William the Conqueror: going out with a bang

Most astrophysicists hold that The Big Bang Theory is the leading explanation about how the universe began.

William The Conqueror: prior to 1066

Details of William’s life leading up to the famous date of 1066 are based on differing, conflicting, and often unreliable narratives. The medieval machinations and rivalries of the royals, the nobility, and the church are sometimes vague, sometimes ambiguous, and quite often almost impossible to unravel.

But what we do know is:

  • William’s early life was undoubtedly difficult.
  • European politics was complicated and dangerous.
  • Normandy was in political chaos—some historians have described it as anarchy.
  • It is believed that William was seven or eight when he became Duke of Normandy.
  • The epithet, “William the Bastard,” illustrates another problem—his illegitimate birth.

Contemporary written descriptions indicate a burly and robust appearance, and he became quite fat in later life. He was pious, a good horseman, he enjoyed hunting and appears to have been in excellent health until old age. There is no evidence of an interest in intellectual pursuits or scholarship.

William the Conqueror and Matilda of Flanders

There are several versions of a tempestuous courtship prior to marrying Matilda of Flanders. She became Queen of England and Duchess of Normandy when they married in 1051. She then bore William nine or ten children. He is believed to have been faithful and never produced a child outside their marriage—a rare trait in a medieval monarch.

There is absolutely no doubt that William’s conquest of England altered the course of English history. Rules concerning land tenure and military service changed—quite dramatically.

Building the Tower of London was started almost immediately. Many other castles, a concept virtually unknown in England prior to the Norman invasion, soon proliferated as a symbol of the new regime.

Even the clergy was ‘Normanised’.

William’s first task was the pacification of the North and he had to contend with significant resistance and several rebellions, as well as an attack by the Danes.

Introduction of The Feudal System

So, although he gained the reputation of being bloodthirsty and ruthless, there is no doubt that William was an able administrator. He introduced the feudal system to England.

The country was separated into sections of land under the control and management of a nobleman who had fought for him in battle. They were expected to take an oath, collect taxes in their region, and provide William with soldiers as required. But some of these land-packages were still too large to manage alone. Many were further divided and given, in turn, to trustworthy Norman knights. Each of these followers was required to collect taxes and provide soldiers to serve the nobleman in the same way as he served the king.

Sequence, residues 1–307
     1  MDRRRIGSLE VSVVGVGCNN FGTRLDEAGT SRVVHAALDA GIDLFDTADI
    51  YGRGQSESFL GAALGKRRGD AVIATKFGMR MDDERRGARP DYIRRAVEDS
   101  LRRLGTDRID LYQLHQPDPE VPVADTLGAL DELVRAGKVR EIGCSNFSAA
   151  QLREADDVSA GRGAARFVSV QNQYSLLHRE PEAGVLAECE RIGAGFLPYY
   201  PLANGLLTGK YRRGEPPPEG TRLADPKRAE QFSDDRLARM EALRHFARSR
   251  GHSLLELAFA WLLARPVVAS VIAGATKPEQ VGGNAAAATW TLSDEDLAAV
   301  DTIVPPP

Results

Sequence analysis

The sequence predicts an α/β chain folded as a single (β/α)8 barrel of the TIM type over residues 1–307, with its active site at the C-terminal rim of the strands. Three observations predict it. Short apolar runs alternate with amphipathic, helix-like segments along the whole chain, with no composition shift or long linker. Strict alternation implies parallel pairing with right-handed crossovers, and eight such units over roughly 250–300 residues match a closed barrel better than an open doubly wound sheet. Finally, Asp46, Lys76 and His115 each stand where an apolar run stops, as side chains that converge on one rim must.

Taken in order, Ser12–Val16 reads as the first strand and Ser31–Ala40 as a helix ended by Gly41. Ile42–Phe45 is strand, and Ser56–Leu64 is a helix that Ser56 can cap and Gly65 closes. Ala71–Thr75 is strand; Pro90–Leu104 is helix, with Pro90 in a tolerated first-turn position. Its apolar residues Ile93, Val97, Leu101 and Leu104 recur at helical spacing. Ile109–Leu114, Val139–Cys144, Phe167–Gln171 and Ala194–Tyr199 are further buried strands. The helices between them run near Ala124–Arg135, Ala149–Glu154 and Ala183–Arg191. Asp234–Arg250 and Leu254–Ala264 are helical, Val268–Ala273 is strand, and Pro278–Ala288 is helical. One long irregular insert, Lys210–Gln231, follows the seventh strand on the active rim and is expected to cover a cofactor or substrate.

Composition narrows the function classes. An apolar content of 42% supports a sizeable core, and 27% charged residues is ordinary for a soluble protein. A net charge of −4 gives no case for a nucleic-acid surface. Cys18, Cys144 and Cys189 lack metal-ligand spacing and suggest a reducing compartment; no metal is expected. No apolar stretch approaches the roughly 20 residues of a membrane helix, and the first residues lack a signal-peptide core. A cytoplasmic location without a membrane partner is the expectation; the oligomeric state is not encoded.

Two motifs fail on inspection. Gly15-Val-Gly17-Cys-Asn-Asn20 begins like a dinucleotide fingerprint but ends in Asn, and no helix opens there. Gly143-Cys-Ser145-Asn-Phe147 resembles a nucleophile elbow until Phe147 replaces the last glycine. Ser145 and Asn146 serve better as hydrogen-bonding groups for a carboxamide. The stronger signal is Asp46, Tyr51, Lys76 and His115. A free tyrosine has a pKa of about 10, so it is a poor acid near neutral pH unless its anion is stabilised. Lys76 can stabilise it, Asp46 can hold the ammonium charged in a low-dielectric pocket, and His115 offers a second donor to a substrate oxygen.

Many French words, usually associated with government, law, art, literature, and, especially food, entered the English language. Even today, it is estimated that English speakers know 15,000 or so French words before starting to learn French.

But perhaps William’s greatest achievement can be seen as having linked England, economically, socially, and culturally, with France. Unfortunately half of contemporary UK politicians and voters appear to disagree—some quite violently. Whatever the outcome of the current fraught political situation, Brexit appears poised to widen the gulf between Britain and the European Union.

William and the ‘smaller bang’

Finally, back to the smaller big bang as it applies to William.

ATTENTION: Be warned, some readers may find these closing sentences somewhat ‘scatological’ and even offensive.

His funeral at the Abbey of Saint-Étienne in Caen was a rather inauspicious event. It was plagued by mishaps. A fire broke out disrupting the cortege. There was an objection from a member of the congregation concerning who owned the land the church was built on.

The coffin was too short. The corpse was too long—and too fat. As he was being stuffed into the casket, his putrefying body and bloated bowels burst. When, metaphorically speaking, the excrement hit the fan, the evil-smelling intestines filled the church with a foul and nauseating smell. The stench was so overpowering that almost everyone fled.

What a bastard of a funeral! But nothing like going out with a bang, I suppose.

Do you have anything to add to the story/history of William the Conqueror? Please share in the Comments section below.

Image credits
1. Statue William the Conqueror via wikipedia
2. Tapisserie de Bayeux via Wikipedia
3. Hastings 1066 via Amazon
4. Tower of London via Wikipedia
5. Church of Saint Etienne – interior -via wikipedia

About the Contributor

Ray Johnstone

Ray is an artist & writer. His favourite subjects are nudes and portraits. Art holidays for groups & families are catered for in their 800-year-old house La Petite Galerie in Gascony. They also take up to 6 walkers on the 'best bits' of the Pilgrims Route to Compostela. Check out Ray's 100+ articles - he has his own column called 'Perspectives'

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